–   FEBRUARY 2021   –
Common Barriers to Goal Setting and How to Overcome Them

As we embrace another new year, this is typically the time for us to set new goals with people, to ensure the year ahead is a success.

On the outset it should be straightforward. We know the goals need to clearly outline specific, manageable steps that are both measurable and realistically achievable, within an agreed time frame.

However, real-life goal setting often presents challenges that hinder progress. We know this happens but it’s usually something we deal with as we go. That means you have to unnecessarily invest a lot of extra time and energy into problem-solving as if these are ‘one-off’ situations. What if you could pre-empt them and know exactly what to do before they take hold and cause significant delays in progress?

The team at Active Edge Physio often see these 3 common barriers to goal setting that you’ll likely be familiar with too. Let’s unpack them here, examining how they will likely present themselves, the possible underlying reasons behind them, and what you can do to address them most effectively and swiftly.


“I don’t want to!”

Barrier 1: Resistance to setting a goal

On first glance, a person who has little interest in setting a goal and is generally despondent, could be mistaken to be unmotivated. Motivation, or lack of, is only part of the picture. On a deeper level, you are likely to find that a person is feeling fearful. Feeling scared that they won’t be able to reach a target, or that they aren’t capable of making any progress at all, can sometimes cause people to mentally ‘check out’. In doing so, they are subconsciously protecting themselves from their anticipated failure.

“If you opt out altogether, there’s no chance of failing. Unfortunately, there’s absolutely no chance of succeeding either.”

So how do you engage them to set a goal? Meet their reluctance with compassion. First give them support in exploring and understanding their fears, then gently revisit goal setting. Keep the initial goal small and manageable, so as not to cause overwhelm. A few quick wins with small goals will build confidence and self-belief. When they start seeing results, it will become much easier for them to embrace more ambitious goals in the future.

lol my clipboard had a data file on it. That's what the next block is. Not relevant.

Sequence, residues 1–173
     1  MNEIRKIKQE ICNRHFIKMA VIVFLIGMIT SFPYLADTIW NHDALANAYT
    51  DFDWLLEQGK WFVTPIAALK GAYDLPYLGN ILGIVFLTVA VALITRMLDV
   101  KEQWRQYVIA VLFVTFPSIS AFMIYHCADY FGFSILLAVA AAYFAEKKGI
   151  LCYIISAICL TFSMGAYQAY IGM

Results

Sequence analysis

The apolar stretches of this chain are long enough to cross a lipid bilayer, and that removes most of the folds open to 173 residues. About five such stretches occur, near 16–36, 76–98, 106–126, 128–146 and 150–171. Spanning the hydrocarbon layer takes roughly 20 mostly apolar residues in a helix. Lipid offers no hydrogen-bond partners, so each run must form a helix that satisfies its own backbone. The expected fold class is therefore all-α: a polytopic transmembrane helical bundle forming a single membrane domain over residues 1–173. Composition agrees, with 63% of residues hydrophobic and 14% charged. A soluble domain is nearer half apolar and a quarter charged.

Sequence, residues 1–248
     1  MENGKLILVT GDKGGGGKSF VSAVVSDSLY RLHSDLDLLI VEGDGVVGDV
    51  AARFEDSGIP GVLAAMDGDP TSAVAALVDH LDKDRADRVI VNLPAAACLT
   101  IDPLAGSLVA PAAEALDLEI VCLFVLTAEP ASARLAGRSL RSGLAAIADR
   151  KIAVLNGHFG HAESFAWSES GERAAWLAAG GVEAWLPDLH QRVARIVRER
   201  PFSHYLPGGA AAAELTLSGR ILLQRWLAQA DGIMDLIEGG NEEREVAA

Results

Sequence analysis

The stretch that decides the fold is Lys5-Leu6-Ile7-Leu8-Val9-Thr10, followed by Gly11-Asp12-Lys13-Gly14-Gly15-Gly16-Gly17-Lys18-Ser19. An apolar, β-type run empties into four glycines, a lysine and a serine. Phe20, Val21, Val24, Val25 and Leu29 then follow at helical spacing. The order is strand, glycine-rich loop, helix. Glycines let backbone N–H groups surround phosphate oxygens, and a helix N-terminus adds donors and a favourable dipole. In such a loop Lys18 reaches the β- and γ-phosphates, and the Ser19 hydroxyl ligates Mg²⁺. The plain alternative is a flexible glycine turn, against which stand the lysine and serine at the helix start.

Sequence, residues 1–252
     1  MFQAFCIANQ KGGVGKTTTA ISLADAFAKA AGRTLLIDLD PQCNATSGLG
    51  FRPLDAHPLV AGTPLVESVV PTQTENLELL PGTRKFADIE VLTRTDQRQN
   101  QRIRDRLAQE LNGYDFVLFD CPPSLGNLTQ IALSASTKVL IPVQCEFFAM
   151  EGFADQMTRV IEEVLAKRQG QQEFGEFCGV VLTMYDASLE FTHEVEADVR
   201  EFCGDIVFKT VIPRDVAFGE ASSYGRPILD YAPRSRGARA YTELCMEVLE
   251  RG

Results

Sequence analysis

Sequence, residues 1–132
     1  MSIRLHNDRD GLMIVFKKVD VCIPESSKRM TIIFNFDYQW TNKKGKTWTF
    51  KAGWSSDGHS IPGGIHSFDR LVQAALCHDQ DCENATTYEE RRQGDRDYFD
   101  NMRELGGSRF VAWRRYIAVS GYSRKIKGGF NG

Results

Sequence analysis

“I don’t know how!”

Barrier 2: Overwhelmed by goal setting

Sometimes the goal setting process begins with ease. The person has an idea of what they want to achieve; or for those with executive dysfunction, it seems straightforward enough to start mapping out some sensible targets to aim for on their behalf. Where this can unravel is if the person becomes overwhelmed by the goal being set, or doesn’t see meaning in it. It might seem to them that it will be impossible to achieve and as soon as they feel overloaded, they will instantly withdraw from the goal altogether, as it feels too daunting.

What can you do when somebody becomes anxious about creating goals? The overwhelm is usually a sign that they are lacking in confidence. From their point of view, it all feels too much. In this situation, it could be worthwhile working with the person (if possible to do so) to identify previous successes. Where in their past experiences have they successfully accomplished something they never thought was possible. This can be taken right back to basics. Perhaps in their youth, they were terrified to move from primary school to secondary school but they did it. You’ll know what is suitable to explore for someone’s personal life experiences – every individual is different – but the important thing to remember that boosting confidence, together with breaking things down into the tiniest steps possible is the key to dealing with overwhelm. 


“I want to do it all now!”

Barrier 3: Unrealistic expectations leading to impractical goals

Ever found yourself privately thinking, “Oh no! You can’t do that!”, after a person shares a desired goal that’s looking to be impossible to achieve? While we don’t want to be dream crushers, there are some situations where it is going to be crucial to manage a person’s expectations. If this is not dealt with upfront, in a way that nurtures, without demoralising them, this will snowball and cause further issues later on.

On face value, we could mistake an over-ambitious person for simply being an optimistic dreamer. But there’s a deeper problem going on here. It is highly likely that the over-extended goal setter has not yet fully accepted where they are currently at. Denial of their current situation and physical limitations means they are going to be entering into a battle with themselves, every step of the way. They will continually get frustrated, and possibly even angry with themselves, when they can’t magically do all the things they so desperately want to do with ease. This is a very sensitive issue that requires gently broaching the facts. If the person is in total denial, it could be very helpful to remove the focus off of them and instead use examples of others who have had similar physical challenges and what their journey entailed.

BIG goals need very small, incremental steps so it feels like progress is being made. Rewarding every tiny step accomplished and celebrating those achievements will also play a key role in keeping the person positively engaged.

Being prepared ahead of time, understanding why these barriers materialise and the underlying emotions behind them will give you the confidence to swiftly and skilfully navigate them, and the ability for all involved to continue moving forwards.